What is really considered jazz?February 26, 2015 1:31
Cover up or get off the plane
Everyone's definition of right and wrong is derived from unique sources so who draws the line between regulation and discrimination?
August 26, 2012 3:20 by Muhammad Aldalou
A report about several US airlines that refused to board passengers based on the way they were dressed has prompted Kipp to wonder whether such a rule could be (is already?) implemented in the Middle East. Several women and a man were told to cover up, change their clothing or leave the aircraft. The women were dressed in (what was described as) revealing outfits and the man’s trousers were ‘too’ baggy. There are many reasons to be rejected but none proves to be as controversial as this one.
Kipp suspects that this issue, if put under the spotlight by Middle Eastern airlines could become even more amplified, mostly because of the heavy expatriate-to-national ratio in the region. With many cultures residing in one area, one witnesses many different sets of values and ethics. If it does take off, airlines will have a choice to either allow fliers to dress as they please (within reason of course, we are not speaking about nudists) or adhere by their codes but risk offending any of the hundreds of nationalities flying in and out of this region.
The dilemma with most airlines is that they don’t publish specific dress codes or spell out what is or isn’t appropriate, consequently leaving passengers to play the guessing game. The issue with this lack of communication is that the airline may only ‘draw the line’ once you’re ready to board the plane. Furthermore, most people do dress for comfort, particularly during a long flight, and this can easily encourage fliers to wear more revealing outfits with the notion that they aren’t breaking any rules.
“It’s like any service business. If you run a family restaurant and somebody is swearing, you kindly ask them to leave,” says Kenneth Quinn, an aviation lawyer and former chief counsel at the U.S. Federal Aviation Administration.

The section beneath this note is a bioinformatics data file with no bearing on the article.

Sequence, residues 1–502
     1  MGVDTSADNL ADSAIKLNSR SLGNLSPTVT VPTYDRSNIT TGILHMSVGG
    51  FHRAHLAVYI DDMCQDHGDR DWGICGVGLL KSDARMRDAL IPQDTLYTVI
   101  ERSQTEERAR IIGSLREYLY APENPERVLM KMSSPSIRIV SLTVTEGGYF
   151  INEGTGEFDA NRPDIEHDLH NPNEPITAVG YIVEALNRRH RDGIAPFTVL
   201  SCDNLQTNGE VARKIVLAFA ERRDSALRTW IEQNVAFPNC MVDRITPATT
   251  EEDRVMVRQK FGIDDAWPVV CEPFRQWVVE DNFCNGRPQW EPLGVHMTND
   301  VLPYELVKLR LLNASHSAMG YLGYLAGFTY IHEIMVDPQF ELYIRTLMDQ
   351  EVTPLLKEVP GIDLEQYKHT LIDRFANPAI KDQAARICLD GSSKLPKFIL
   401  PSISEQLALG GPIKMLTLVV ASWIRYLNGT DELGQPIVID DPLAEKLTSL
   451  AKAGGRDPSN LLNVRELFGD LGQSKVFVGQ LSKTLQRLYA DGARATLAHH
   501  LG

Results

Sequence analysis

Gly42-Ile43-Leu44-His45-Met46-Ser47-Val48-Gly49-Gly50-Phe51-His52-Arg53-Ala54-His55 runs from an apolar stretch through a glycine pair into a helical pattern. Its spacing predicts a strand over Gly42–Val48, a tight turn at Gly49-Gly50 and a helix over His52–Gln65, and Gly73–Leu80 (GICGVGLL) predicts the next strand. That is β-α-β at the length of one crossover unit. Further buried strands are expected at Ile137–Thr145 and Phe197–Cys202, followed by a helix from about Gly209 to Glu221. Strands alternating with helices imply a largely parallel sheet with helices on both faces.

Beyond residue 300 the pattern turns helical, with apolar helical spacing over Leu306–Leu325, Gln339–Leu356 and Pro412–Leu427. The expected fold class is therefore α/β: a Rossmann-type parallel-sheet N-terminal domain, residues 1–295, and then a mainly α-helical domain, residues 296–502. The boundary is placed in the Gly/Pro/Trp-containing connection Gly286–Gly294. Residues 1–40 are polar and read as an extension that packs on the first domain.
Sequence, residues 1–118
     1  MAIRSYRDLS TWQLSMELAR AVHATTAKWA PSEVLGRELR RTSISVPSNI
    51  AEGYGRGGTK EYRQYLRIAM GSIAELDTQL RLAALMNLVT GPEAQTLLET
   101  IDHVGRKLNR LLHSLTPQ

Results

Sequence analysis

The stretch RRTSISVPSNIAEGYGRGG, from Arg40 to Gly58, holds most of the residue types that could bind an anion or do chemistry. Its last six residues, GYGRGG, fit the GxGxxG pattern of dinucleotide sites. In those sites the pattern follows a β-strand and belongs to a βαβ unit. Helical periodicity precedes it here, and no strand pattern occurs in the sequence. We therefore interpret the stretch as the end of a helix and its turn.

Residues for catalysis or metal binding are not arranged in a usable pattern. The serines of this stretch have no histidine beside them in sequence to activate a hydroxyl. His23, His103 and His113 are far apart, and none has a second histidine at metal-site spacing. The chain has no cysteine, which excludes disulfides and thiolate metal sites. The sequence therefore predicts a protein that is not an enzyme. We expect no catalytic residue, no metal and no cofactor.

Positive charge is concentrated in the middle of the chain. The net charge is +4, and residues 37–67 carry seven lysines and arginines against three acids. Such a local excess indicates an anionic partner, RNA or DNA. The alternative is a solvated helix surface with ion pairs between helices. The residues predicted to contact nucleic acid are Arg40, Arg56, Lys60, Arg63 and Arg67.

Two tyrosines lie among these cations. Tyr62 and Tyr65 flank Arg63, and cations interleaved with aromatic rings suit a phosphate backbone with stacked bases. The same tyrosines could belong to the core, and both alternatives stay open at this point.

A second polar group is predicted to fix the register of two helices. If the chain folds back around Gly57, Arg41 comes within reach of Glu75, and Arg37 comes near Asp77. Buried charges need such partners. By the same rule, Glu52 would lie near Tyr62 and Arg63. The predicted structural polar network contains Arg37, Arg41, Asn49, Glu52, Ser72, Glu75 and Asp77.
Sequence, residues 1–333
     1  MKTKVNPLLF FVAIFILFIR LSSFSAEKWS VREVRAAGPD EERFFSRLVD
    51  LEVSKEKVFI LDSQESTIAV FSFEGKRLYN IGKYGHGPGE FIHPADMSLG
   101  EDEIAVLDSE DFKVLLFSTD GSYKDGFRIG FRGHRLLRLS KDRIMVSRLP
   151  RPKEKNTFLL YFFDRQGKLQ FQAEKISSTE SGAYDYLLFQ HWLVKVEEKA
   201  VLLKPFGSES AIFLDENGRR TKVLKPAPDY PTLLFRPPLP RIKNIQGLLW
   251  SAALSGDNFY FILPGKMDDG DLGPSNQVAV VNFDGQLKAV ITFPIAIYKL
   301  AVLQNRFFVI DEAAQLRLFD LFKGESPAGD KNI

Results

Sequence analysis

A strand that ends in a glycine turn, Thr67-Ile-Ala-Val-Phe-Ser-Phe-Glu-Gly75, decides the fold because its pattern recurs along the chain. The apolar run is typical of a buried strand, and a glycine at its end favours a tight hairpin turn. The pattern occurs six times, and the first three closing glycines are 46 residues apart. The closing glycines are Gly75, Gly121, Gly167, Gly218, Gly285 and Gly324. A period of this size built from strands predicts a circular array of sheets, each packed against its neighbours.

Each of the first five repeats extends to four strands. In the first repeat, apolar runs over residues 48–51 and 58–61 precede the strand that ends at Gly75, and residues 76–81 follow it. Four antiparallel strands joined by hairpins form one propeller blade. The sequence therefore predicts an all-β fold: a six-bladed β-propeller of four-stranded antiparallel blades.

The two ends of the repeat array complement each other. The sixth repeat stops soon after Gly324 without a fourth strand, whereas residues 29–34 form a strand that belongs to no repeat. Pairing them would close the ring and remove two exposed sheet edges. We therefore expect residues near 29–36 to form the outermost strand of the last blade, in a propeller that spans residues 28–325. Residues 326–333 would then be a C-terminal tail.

Having said that, certainly not everyone can agree with Quinn, as others have reacted differently to this controversy. Several lawyers, disgruntled at the atrocity of this action, are sticking to the rationalization that if you have paid for something, then you should be allowed to take or make use of it. “If people are paying the price for their tickets, they should be able to wear what they want,” corporate lawyer Leigh Ann Epperson told AP.
There are many factors that shape our cultural perception of what is decent and what isn’t. In fact, some cultural values are more malleable while others have concrete values that dictate every move. The point is, where do we draw the line between decency and indecency?
Dress code regulations have been a hot topic in many countries, particularly in the Middle East. Recently, there was a dress code awareness campaign aimed at expatriates living in Dubai, encouraging them to dress more respectfully. The campaign, as you can imagine, received an extreme amount of attention, trended on social media platforms and made national media headlines for days. It received a lot of support as well as criticism, as any influential or significant campaign usually does.
There are a number of questions to ponder here. Should airlines be allowed to refuse passengers based on how they are dressed? Should action only be taken if a complaint has been lodged against them or simply based on the judgment of the airline staff?
At the end of the day, Kipp thinks that if private corporations are generally allowed to refuse service to any customer whenever they see fit – even though their rejection usually comes with a little more sensitivity – shouldn’t airlines be allowed the same or should there be an exception made, particularly in the case of international flights?